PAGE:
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AWARENESS GAP: State Aims to Increase Student Apprenticeships

October 14, 2018       Leave a Comment
By: Dave Rogers

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As Michigan's economy continues to recover from the devastating job losses of the last recession, the state's labor exchange system is continually challenged to find talent with new and emerging skill sets, according to Roger Curtis, director of the Michigan Talent and Economic Development Department.

There is a growing demand for more apprentices as more employers across become familiar with the apprenticeship training model and its direct value and available incentives.

There is a need for adults who can move quickly into journeyman status, with or without experiential and academic qualifications, as well as for a pipeline of youth to fill future jobs that will become vacant due to a retiring workforce, or new jobs that emerge through ever advancing technology. Those opportunities exist, not only in the traditional skilled trades but also in energy, healthcare, information technology and advanced manufacturing.

A new survey shows most Michigan high school students are not aware of a potential option after graduation, according to Michigan Radio.

A Michigan Talent Investment Agency survey found only 13% of high school students consider apprenticeships a good post-secondary career option.

Curtis says, even among students who were aware of apprenticeship programs, most only associated them with construction jobs.

Encouraging more Michigan students to consider skilled trades careers

Business and educational leaders agree that more needs to be done to encourage Michigan high school students to consider pursuing careers in skilled trades.

However, they disagree on one possible solution.

An Educational Development Plan (EDP) is a document school counselors develop showing a student's education and career goals, and a way to achieve them.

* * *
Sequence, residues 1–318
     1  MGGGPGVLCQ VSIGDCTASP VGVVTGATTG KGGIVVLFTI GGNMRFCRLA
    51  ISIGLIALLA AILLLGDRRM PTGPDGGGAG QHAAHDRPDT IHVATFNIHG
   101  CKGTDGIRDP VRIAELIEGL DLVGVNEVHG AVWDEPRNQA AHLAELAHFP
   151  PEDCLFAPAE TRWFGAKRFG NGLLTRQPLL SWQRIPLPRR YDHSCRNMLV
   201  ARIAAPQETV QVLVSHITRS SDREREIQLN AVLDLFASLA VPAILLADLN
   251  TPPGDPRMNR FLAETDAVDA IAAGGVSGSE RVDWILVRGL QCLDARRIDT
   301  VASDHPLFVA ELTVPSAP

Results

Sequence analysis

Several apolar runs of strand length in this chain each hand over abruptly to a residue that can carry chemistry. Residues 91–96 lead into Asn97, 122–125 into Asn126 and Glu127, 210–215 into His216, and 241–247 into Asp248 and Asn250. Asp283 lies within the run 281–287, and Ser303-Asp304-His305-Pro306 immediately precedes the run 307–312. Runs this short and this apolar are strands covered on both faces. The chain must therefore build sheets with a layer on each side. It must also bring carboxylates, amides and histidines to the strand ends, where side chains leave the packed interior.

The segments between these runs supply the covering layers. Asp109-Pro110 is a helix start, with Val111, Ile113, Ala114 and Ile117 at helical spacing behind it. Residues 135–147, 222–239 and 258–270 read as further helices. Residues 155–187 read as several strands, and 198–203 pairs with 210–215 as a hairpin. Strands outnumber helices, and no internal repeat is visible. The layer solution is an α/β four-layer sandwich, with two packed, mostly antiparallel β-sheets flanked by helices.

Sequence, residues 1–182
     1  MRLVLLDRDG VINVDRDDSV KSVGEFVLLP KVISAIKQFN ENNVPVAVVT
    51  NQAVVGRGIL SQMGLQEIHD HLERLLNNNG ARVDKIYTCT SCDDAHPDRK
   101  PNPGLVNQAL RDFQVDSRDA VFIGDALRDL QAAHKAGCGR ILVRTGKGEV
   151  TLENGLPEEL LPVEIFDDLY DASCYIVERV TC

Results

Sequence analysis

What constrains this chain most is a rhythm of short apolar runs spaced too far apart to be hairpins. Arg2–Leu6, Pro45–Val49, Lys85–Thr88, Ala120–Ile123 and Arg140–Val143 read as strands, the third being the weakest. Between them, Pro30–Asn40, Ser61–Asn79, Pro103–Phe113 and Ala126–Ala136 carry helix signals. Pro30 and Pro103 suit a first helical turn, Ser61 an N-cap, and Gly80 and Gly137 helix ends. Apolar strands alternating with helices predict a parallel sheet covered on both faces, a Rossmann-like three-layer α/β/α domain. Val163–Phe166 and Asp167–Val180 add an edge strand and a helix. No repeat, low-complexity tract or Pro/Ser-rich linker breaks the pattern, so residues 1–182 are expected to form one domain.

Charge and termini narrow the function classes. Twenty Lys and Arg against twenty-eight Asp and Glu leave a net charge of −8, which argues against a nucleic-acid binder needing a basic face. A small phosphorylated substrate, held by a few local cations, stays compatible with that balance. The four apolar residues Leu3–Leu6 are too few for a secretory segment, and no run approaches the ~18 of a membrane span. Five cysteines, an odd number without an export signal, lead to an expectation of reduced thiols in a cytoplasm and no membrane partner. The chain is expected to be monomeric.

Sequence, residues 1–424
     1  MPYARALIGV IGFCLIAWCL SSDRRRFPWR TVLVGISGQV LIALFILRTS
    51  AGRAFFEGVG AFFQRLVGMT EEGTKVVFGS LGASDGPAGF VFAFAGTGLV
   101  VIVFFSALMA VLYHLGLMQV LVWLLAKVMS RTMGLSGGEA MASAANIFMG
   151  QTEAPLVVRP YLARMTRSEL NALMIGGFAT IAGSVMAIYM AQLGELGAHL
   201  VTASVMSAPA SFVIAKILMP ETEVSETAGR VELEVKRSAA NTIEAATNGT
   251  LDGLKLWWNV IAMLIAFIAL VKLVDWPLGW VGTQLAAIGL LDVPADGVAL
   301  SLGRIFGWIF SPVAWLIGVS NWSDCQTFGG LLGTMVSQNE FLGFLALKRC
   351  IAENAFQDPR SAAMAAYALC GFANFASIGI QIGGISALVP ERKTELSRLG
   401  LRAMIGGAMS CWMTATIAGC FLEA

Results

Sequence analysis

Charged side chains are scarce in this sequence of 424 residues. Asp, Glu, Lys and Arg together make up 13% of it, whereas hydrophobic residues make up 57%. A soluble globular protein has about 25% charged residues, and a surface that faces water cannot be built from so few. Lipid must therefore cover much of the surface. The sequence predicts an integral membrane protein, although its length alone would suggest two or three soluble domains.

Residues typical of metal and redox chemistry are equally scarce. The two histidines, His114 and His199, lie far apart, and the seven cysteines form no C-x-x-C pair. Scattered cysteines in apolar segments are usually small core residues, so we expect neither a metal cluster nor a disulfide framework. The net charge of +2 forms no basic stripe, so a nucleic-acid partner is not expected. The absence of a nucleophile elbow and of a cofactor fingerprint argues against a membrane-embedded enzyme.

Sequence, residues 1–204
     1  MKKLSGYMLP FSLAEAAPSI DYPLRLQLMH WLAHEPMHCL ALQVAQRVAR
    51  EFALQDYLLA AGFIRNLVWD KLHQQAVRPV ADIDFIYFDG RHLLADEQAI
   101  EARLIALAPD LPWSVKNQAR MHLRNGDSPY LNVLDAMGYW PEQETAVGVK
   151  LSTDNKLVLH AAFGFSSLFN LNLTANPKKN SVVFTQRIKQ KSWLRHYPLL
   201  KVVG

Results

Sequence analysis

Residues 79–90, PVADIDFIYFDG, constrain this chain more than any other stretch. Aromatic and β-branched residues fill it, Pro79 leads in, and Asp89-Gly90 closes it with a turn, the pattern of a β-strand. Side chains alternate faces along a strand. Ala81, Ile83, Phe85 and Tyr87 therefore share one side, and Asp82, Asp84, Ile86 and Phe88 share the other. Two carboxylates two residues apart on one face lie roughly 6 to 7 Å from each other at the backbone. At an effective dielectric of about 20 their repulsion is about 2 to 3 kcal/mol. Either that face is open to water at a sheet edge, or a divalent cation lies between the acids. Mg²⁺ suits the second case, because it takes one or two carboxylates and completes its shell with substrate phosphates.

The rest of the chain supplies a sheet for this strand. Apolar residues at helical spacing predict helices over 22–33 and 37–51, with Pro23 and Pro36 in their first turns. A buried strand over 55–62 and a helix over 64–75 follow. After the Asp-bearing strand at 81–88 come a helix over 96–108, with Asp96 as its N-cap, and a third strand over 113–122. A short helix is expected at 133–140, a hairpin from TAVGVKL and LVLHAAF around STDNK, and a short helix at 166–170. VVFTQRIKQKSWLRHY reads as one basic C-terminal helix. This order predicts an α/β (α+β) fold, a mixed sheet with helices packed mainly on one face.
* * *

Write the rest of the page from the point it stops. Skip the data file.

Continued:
Lawmakers are discussing two bills that would require schools to provide students with more career information and help create a talent portfolio for every student.

Apprenticeship combines classroom studies with extensive on-the-job training under the supervision of journey-level craft person or trade professional.

Components of Registered Apprenticeship Training:

Business Involvement

Structured On-the-Job Training

Related Training and Instruction

Rewards for Skill Gains

National Occupational Credential

Apprenticeship USA State Expansion GrantPartnership grants are being used to bolster Registered Apprenticeship (RA) expansion in four ways:

1) through successful mobilization of sector strategies,

2) the expansion of existing state initiatives,

3) development and dissemination of resources and tools to assist in building state capacity, and

4) the implementation of a tiered incentive program to increase the number of employers establishing new RA in targeted industries. Michigan's Apprenticeship USA State Expansion Grants - Michigan ApprenticeshipUSA Industry Cluster Approach (MAICA) grant will assist potential employer sponsors and apprentices with effectively exploring, partnering, developing, registering, and launching RA.

Apprenticeship Success Coordinators (ASC) support activities and will function as an ASC to assist employers with local projects to effectively launch, register, conduct, report on, and ensure successful completion of new Registered Apprenticeships.

The Going PRO Talent Fund (Talent Fund), formerly known as the Skilled Trades Training Fund, makes awards to employers to assist in training, developing and retaining current and newly hired employees. Training funded by the Talent Fund must be short-term and fill a demonstrated talent need to be experienced by the employer. Training must lead to a credential for a skill that is transferable and recognized by industry.

MAT2 uses the German apprenticeship training program as a model. The program represents a collaboration between global industry leaders and Michigan educators to provide a competency-based training program that addresses manufacturers? needs for globally-competitive technicians in the areas of mechatronics and CNC. In 2015 Michigan became the first state in the United States to receive approval from the German Chamber of Commerce network for the alignment of its company consortium based apprenticeship mechatronics training program to German standards.

Through MAT2, students earn an associate's degree in a high-tech, in-demand field, with tuition costs paid by their employer. Trainees receive on-the-job training with pay; a school stipend; and are guaranteed a job upon successful completion of the program. The state provides $5,000 grants to offset employers' tuition costs. The program currently offers Mechatronics and CNC training programs.


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Dave Rogers

Dave Rogers is a former editorial writer for the Bay City Times and a widely read,
respected journalist/writer in and around Bay City.
(Contact Dave Via Email at

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